The trademark of Rev. Chiu’s ministry is his pastoral visitation. While he excelled in organization and was able to hold his own against any adversary in the Chinese Methodist Church, he considered visiting church members as the hallmark of his ministry. He deprecates this unique gift by saying he enjoyed spending time drinking tea (what he called “touching the bottom of a tea cup,”) and breaking peanuts with friends. That’s why he visited church members. In fact, he was putting into practice the essence of pastoral care. His unspoken mantra was “Contact, contact, contact.” He learned early that isolation leads to misunderstanding, and he wanted to sit down even with those who shun him. He told me of an incident when a church member would deliberately not offer him a cup of tea while extending that courtesy to Mrs. Chiu in their visitation to that family. You can imagine the awkward situation. However, he continued to cultivate friendship with that member. It could truly be said, he knew his sheep and his sheep knew him. He was a good shepherd, a good pastor. In his visitation, he was not a one-dimension man. He brought to the encounter his varied interests in classical Chinese, music, medicine, health and fitness, and photography. He was the quintessential Renaissance man. While the conversations tended to move in all directions, Rev. Chiu was always able to close each visit with a Christ message, often with a timely scriptural text.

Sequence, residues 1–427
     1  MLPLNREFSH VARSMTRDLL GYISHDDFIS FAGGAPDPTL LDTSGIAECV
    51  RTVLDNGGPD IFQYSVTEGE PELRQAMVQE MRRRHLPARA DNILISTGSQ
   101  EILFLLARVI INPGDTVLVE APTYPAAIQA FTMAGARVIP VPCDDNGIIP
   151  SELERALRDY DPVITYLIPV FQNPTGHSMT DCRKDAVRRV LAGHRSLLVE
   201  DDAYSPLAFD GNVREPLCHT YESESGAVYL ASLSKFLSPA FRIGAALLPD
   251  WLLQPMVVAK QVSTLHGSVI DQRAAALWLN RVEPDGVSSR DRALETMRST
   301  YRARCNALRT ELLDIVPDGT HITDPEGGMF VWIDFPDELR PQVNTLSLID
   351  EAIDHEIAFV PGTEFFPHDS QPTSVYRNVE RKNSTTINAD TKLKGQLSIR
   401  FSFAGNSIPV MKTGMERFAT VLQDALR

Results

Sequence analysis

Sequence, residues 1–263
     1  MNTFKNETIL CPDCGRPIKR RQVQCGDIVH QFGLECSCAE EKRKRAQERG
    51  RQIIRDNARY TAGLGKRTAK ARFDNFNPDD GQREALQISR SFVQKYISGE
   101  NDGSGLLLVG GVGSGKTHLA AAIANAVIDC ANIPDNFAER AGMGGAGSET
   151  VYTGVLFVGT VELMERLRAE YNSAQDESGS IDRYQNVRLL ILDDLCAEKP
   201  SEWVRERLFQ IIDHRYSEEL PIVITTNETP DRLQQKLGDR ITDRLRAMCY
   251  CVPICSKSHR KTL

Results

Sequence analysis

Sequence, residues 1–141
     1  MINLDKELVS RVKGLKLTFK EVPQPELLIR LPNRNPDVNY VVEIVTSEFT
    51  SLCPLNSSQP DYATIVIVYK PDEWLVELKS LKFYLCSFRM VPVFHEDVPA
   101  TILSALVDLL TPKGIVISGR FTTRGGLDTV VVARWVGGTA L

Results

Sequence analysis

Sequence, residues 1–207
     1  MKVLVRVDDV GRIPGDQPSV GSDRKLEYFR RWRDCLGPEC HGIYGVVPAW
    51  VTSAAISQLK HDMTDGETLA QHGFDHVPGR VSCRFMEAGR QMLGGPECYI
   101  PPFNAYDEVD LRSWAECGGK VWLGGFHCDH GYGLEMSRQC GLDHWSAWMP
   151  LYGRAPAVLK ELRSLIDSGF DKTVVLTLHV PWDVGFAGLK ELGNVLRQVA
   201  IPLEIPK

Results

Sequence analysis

Next to pastoral care, Rev. Chiu is an untiring teacher. He loves to teach, to share what he knows. One of his favorite expressions is “Having a hundred skills is good for your well-being.” When you are in his company, you would soon realize his broad range of interest, from lofty to earthy subjects. Being trained in classical Chinese, he loves to put extended discourses in two or three words or some short phrases. According to him, being diligent and frugal are the keys to a successful life. Being willing to suffer is essential for all pastors. The Chinese version of each of the names of his children is a succinct teaching!
While he was fond of saying “All things work together for the benefits of those who love God,” he told me his favorite scriptural passage is John 3: 16 “For God so loved the world that he gave his only Son, that whoever believes in him should not perish but have eternal life.” He considered this text as the epitome of the Christian faith. It was this faith that directed his life and made him an extraordinary man. He summed up his faith with a passage from the Book of Habakkuk, 3: 17-19: “Though the fig tree do not blossom, nor fruit be on the vines, the produce of the olive fail and the fields yield no food, the flock be cut off from the fold and there be no herd in the stalls, yet I will rejoice in the Lord, I will joy in the God of my salvation. God, the Lord, is my strength; he makes my feet like hinds’ feet, he makes me tread upon my high places.” “Yet I will rejoice in the Lord” is the message he wants his children and all of us to remember. We praise God for the life and ministry of Rev. Chiu Peng Kong.
Written by Dr. Samuel Wong (2015-01-09). Published in “Intimate Witnesses: Coping with Challenges” (Kindle Locations 2636-2646). Xlibris US. Kindle Edition.